He’s a moderate — but shrinking — underdog against Frenchman Nassourdine Imavov ($9,000) in this one. I’m somewhat hesitant about Buckley due to this fight taking place on enemy soil, but outside of that there’s a ton to like from “New Mansa.”
He’s made huge strides in recent fights, tightening up his striking instead of swinging wildly for one-punch finishes. His somewhat questionable cardio has shown improvements, and he’s mixed in takedowns when necessary — and got back to his feet when his opponent takes him down.
He’s the longer fighter in this one, with an inch reach edge despite being five inches shorter. That’s generally a winning combination, as it allows the shorter fighter to carry more muscle at a given weight class without suffering the drawbacks of lesser reach.
His extremely low floor means I’ll be staying away in cash games, but he’s my favorite GPP flier for Saturday’s card. He’s also my favorite fighter to bet on this weekend, as mentioned in our best bets piece.
The Value Plays
Ailin Perez ($6,900)
The debuting Perez is the cheapest fighter on Saturday’s card outside of Tuivasa, but there’s a lot to like about her. First of all, she checks all the usual cash game floor play options. Lower level underdog in a women’s fight that’s somewhat likely to go the full 15 minutes. Though this one is -165 to end early, those are still some of the better odds on the card.
I don’t know a ton about Perez, who’s fought pretty low level competition on her way to a 7-1 professional record. That one loss did come via disqualification though, so she’s never been legitimately beaten. What I do know is that her opponent Stephanie Egger ($9,300) has no business at her price tag, regardless of matchup.
Egger is 2-2 in the UFC, but her most recent loss came just three weeks ago. That fight was in Las Vegas — and Egger trains in Switzerland — so that’s a ton of travel in a short period. We almost never see a quick turnaround for fighters coming off of a loss, and for good reason: it’s not like Egger was able to squeeze a full camp in since her last fight.
The short-notice nature of the bout is a big factor here, since Perez has been on this card and preparing for her debut for quite some time. She — or at least her record — also shows some promise.
The Contrarian Approach
Marvin Vettori ($7,400)
Vettori is another cheaper fighter I really like this week, as he takes on former middleweight champion Robert Whittaker ($8,800). Since 2016, both Vettori and Bobby Knuckles are undefeated in every bout that didn’t come against current champion Israel Adesanya.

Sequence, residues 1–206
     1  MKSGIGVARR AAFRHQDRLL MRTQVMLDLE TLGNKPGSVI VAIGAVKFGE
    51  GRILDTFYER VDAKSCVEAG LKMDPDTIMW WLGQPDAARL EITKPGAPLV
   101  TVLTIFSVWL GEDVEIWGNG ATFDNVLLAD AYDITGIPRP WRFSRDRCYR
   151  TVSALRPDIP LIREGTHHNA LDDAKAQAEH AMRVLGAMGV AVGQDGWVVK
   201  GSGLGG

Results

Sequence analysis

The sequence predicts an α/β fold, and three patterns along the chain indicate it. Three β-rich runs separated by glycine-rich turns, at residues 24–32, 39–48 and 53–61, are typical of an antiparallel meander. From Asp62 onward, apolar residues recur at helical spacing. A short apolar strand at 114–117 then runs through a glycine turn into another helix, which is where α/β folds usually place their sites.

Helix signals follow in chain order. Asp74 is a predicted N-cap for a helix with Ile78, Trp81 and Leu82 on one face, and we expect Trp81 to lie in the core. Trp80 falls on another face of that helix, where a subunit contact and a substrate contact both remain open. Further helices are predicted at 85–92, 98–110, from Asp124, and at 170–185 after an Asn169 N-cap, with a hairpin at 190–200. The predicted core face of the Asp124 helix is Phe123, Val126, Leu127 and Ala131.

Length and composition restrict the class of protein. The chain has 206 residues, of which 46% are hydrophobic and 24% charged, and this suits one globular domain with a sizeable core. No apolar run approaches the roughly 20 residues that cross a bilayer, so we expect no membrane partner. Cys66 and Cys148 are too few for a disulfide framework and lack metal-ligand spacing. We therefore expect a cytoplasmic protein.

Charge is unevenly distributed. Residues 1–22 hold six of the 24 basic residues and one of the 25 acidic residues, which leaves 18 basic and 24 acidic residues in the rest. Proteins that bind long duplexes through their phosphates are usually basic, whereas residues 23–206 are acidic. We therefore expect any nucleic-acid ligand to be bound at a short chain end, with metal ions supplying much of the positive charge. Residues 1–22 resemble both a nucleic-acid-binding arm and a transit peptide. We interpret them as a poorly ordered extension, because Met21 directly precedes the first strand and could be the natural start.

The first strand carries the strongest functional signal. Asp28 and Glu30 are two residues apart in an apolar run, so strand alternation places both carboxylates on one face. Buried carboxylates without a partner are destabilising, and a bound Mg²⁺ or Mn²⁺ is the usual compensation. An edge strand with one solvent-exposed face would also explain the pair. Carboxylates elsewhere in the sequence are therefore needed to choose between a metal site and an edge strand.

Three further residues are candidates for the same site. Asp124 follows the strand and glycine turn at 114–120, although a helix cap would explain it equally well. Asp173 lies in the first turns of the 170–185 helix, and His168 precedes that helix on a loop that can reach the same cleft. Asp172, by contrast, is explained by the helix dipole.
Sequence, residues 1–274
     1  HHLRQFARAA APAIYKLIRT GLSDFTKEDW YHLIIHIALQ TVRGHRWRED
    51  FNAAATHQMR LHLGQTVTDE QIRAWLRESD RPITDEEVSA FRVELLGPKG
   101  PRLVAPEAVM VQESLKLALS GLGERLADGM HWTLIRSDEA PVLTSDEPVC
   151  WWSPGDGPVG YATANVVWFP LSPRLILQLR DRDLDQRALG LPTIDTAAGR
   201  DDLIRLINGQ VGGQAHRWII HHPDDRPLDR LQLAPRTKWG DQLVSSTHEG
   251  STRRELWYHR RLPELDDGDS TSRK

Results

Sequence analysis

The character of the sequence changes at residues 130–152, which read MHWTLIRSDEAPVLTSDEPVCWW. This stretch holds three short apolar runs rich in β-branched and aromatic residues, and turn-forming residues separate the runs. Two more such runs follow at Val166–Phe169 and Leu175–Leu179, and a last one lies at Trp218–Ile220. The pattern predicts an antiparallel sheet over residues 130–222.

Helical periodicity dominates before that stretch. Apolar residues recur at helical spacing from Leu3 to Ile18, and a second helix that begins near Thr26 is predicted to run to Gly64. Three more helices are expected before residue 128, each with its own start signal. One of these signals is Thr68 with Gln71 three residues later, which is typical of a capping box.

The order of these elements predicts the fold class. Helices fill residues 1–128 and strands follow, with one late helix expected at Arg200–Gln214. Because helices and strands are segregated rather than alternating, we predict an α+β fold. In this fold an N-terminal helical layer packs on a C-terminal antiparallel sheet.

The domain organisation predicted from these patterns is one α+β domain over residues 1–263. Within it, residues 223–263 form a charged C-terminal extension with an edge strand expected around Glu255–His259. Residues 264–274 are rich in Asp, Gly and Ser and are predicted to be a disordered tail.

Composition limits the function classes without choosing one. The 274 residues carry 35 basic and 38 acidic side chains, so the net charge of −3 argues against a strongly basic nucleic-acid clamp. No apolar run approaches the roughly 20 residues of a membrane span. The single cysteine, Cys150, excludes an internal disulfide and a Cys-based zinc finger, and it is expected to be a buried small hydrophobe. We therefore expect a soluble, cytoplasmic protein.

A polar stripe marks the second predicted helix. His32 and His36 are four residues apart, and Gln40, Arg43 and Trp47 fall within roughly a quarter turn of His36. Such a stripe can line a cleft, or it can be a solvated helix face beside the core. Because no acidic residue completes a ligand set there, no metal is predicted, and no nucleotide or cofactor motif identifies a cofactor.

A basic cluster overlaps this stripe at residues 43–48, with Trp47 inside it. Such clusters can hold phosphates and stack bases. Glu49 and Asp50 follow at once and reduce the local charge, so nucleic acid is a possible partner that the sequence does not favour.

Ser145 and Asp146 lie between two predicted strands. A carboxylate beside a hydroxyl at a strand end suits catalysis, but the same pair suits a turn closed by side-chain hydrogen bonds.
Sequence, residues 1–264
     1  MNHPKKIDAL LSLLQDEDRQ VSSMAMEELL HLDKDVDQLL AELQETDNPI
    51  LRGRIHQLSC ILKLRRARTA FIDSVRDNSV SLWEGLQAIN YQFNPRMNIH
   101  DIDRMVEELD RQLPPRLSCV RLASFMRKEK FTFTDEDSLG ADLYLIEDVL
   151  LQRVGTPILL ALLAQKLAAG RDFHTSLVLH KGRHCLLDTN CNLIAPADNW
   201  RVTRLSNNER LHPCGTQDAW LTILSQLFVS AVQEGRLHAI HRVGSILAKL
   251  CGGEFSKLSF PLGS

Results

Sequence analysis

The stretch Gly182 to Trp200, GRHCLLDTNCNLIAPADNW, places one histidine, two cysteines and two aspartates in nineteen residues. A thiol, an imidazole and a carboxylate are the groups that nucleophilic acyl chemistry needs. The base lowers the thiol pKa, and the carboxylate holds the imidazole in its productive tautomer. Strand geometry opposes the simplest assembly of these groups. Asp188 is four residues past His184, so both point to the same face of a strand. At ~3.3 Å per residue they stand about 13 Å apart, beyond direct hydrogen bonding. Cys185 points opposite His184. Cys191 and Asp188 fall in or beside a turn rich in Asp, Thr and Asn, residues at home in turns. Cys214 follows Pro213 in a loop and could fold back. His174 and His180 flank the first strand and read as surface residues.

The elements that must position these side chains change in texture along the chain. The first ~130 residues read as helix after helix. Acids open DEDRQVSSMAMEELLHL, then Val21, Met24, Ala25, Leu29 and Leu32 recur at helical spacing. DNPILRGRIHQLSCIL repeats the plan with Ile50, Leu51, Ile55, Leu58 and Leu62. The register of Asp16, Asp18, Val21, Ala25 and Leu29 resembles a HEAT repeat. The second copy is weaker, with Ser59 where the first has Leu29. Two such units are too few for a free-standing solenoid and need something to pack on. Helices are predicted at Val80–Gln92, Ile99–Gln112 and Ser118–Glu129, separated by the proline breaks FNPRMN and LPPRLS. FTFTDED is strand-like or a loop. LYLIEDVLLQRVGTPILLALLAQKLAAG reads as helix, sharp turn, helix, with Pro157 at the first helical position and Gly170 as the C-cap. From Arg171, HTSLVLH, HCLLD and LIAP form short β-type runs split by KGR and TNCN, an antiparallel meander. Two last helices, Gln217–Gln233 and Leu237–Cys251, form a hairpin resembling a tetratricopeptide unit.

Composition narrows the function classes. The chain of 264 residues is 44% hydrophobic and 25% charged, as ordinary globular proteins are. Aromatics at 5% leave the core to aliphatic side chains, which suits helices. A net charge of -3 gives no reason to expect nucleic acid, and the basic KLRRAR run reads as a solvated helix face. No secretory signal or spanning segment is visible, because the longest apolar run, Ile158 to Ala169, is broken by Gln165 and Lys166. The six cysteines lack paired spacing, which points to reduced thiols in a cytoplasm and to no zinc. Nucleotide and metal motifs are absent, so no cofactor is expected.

Vettori was actually the closer of the two to defeating the champion, with both of his fights against Adesanya going to a decision, and one of those decisions being split. Whittaker has two losses to Adesanya as well: one by unanimous decision and a knockout.
While MMA math isn’t a reliable way to handicap fights, there’s a lot to like about Vettori here. He’s the more active fighter in both striking and grappling, which should play well to the judges if this one makes it that far. His legendary durability makes that likelier than not as well, he’s never been finished as a professional.
These fighters are far closer than their salaries or betting lines would suggest, with near-identical UFC statistics. The biggest edge for Whittaker is his power, but Vettori’s chin is likely to mitigate the impact of that.
Vettori doesn’t have a ton of upside from a DFS scoring standpoint, as he’s pretty unlikely to put Whittaker away. However, it’s only a 12-fight card, so we don’t need a massive score at his salary to end up in the optimal lineup. As a likely lower-owned option, He’s one of my favorite GPP choices.
The Swing Fight
William Gomis ($8,600) vs. Jarno Errens ($7,600)
Gomis and Errens are both making their UFC debut’s on Saturday, with neither of them coming through the DWCS or TUF pipelines to the promotions. That means very little is known about either of them, with tape relatively sparse on both fighters.
The favored Gomis is 10-2 as a professional, with seven of those wins coming inside the distance (six knockouts). Errens is 13-3, with eight stoppages (five submissions). A rough glance at their opponents tells me Gomis has fought stiffer competition in his career, but it’s fairly close.
Gomis is also French, and it seems likely that he’d be given a winnable matchup with this fight in Paris. So the betting lines make sense on this one, with Gomis opening and remaining a roughly -210 favorite.
Still, there’s a wide range of outcomes in this one. Lower level fights are far likelier to have a noticeable skill discrepancy and thus end early — just go to any local amateur show. I’m far more interested in the potential of this fight to produce points than I am in either fighter.
My goal will be to be overweight on both debutants on Saturday, which may be difficult depending on how ownership plays out. Still, I’ll be loading up on this one, as it seems highly likely to produce a quick finish for somebody.
Photo Credit: Jeff Bottari/Zuffa LLC
Pictured above (L-R): Ciryl Gane